Learning the basics of music is easier than you'd think with Music Reading DeLuxe. This free educational software uses a simple gamelike process to teach "absolute beginners" how to recognize and read music. To use it, your computer must have a sound card or sound capability and either Windows XP, Vista, or 7.
Music Reading DeLuxe took over our desktop with its interface and disabled our mouse within its view, too, which are necessary steps for classroom use. We could mouse over to the Windows toolbar, though, and access other system functions normally, and exiting the program via the Esc key instantly restored our mouse function and desktop. We navigated via keyboard commands while using this program. Music Reading DeLuxe is built around a series of lessons that introduce users to the basics of music theory. The first step was to choose either the G clef or F clef for our lessons. The first lesson, Note Reading--Easy offers three levels of difficulty. We had to identify a note on a clef, and the program graded our progress (or lack of it) as we moved through the levels. We could change the key by pressing K, view the notes by pressing V, and check our answers by pressing enter. Once we'd learned the notes and placements, the software tested how fast we could recognize them. There's an Advanced lesson that includes sharps and flats, too. A section that describes the theory used in the program serves as an excellent source of definitions and explanations; however, we found no settings or options, nor did we find a Help file.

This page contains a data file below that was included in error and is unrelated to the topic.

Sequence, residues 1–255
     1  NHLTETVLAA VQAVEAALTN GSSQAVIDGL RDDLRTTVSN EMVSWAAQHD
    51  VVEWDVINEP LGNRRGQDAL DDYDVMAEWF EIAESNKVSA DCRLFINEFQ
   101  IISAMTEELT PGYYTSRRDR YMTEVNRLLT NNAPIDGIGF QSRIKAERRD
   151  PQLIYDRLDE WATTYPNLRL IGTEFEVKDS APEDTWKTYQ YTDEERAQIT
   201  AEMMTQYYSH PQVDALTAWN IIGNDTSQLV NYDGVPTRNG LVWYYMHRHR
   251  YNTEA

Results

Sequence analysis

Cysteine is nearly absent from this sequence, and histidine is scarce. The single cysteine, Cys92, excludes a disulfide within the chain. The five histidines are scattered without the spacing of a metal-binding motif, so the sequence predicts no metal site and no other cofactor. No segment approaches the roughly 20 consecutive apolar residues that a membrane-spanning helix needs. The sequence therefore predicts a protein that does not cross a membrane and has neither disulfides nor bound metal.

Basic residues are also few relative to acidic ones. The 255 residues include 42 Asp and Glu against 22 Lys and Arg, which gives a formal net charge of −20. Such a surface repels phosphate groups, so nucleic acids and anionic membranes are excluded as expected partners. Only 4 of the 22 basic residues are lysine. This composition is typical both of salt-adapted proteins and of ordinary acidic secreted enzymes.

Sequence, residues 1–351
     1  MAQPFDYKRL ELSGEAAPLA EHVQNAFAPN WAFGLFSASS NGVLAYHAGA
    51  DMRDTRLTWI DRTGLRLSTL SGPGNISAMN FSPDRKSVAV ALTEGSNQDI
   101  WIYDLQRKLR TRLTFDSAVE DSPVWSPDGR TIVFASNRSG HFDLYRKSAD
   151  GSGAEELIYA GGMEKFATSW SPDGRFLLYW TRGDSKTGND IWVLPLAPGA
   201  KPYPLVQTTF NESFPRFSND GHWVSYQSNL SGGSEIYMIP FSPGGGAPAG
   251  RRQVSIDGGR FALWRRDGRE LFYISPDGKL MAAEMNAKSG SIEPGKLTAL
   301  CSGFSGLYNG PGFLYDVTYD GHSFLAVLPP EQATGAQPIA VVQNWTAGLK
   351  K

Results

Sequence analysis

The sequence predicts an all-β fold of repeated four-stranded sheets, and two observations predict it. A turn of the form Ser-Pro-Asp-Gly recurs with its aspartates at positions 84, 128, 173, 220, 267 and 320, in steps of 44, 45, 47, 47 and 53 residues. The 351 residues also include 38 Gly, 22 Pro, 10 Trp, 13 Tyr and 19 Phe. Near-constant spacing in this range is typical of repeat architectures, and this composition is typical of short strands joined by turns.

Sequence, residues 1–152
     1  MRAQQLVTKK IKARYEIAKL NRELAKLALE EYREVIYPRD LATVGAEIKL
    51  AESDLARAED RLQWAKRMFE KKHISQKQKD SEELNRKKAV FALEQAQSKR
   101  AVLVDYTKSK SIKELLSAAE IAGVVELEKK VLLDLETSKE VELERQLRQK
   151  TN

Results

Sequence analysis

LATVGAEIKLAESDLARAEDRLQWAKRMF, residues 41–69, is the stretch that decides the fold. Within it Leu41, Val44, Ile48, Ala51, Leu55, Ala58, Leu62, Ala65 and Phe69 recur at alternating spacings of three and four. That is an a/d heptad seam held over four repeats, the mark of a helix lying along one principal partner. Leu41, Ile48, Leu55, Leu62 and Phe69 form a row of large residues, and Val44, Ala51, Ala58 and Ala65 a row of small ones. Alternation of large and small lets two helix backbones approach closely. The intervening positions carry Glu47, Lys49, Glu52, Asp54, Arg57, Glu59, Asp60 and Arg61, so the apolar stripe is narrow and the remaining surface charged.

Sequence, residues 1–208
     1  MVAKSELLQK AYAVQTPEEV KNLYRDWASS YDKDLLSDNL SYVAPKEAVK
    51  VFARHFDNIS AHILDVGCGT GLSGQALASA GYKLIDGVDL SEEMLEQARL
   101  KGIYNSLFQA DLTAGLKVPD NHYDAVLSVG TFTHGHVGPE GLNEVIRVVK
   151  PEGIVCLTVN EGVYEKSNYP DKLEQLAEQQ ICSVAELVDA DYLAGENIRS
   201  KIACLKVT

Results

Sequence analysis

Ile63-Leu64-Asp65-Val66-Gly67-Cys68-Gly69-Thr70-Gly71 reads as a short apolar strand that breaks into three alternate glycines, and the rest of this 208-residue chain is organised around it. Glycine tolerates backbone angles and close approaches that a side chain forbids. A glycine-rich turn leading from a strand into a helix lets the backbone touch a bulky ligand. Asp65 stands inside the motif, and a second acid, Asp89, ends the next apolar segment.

Education software that's difficult to use or even to see on the screen isn't much use, but Music Reading DeLuxe has a colorful look with crisp, clear graphics, text, and animations. The commands were all easy to learn and operate, too. We found this to be an extremely easy yet effective tool for teaching the basics of music and music theory to beginners of any age and ability.